a study of gesture-based electronic musical instruments

December 13th, 2001

What if you could just wave your hands in the air and create music?

If you happen to be a professional music conductor then you are one of the few people that could make that fantasy a reality.  However, assuming you don’t happen to have an orchestra at your disposal (or the space, for that matter), then the following information may be of some use to you.

Researchers at a number of universities have developed ways for performers to express themselves musically, while operating outside the confines of conventional instruments.  Gesture-based electronic musical instruments use computers to interpret motion from a wide variety of sensory devices, which can be converted into various aspects of the music - such as tempo, pitch, or timbre.

The following report explores the various light, motion, and pressure sensing devices used in current gesture-related electronic instruments, and investigates how the computer uses the sensory information to generate music.

View the report here.

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3 comments for “a study of gesture-based electronic musical instruments”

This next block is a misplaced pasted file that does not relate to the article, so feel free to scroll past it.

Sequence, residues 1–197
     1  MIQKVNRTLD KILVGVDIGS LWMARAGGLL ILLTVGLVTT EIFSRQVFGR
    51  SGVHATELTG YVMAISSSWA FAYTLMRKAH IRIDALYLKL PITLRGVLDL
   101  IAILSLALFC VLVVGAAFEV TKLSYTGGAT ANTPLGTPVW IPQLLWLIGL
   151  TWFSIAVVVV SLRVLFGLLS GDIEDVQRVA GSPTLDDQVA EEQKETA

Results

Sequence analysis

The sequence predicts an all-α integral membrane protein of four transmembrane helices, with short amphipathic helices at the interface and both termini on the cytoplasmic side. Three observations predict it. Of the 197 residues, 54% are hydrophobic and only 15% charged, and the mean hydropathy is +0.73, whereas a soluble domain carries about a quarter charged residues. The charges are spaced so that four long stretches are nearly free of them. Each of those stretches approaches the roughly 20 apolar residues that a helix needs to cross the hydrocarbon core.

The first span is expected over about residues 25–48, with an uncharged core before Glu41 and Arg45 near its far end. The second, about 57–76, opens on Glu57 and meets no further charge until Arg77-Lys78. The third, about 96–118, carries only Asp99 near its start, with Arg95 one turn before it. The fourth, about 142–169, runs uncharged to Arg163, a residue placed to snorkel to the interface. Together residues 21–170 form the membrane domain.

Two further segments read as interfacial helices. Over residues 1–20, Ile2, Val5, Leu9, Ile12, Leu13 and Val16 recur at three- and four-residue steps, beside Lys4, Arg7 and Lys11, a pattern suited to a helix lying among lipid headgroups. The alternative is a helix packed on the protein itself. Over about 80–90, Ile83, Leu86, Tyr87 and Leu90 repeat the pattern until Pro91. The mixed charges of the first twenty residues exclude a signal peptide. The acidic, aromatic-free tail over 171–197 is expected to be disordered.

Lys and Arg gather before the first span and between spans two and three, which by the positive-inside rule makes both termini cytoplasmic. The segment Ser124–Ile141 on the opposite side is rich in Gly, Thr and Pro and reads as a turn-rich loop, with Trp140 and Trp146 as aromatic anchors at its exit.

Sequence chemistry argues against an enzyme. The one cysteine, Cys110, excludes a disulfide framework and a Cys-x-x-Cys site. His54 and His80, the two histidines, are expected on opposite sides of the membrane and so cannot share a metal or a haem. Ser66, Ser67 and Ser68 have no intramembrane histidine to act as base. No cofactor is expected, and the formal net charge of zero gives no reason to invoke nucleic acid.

1. Check out the reactable:
    It’s a synth that uses blocks…
    You just have to see the demo.
    It’s definitely a push towards a more intuitive synth.

  2. Shawn, awesome link! I’ve seen an earlier version of that before, but I see it’s come a long way since. I would love to own one someday, but they’re not commercially available (yet).

    However, Microsoft (of all people) has an interface that is somewhat similar: http://www.microsoft.com/surface that will be available very soon. I can only hope there will be a music program as detailed as that one availble for it…

  3. Look ma, no instruments!

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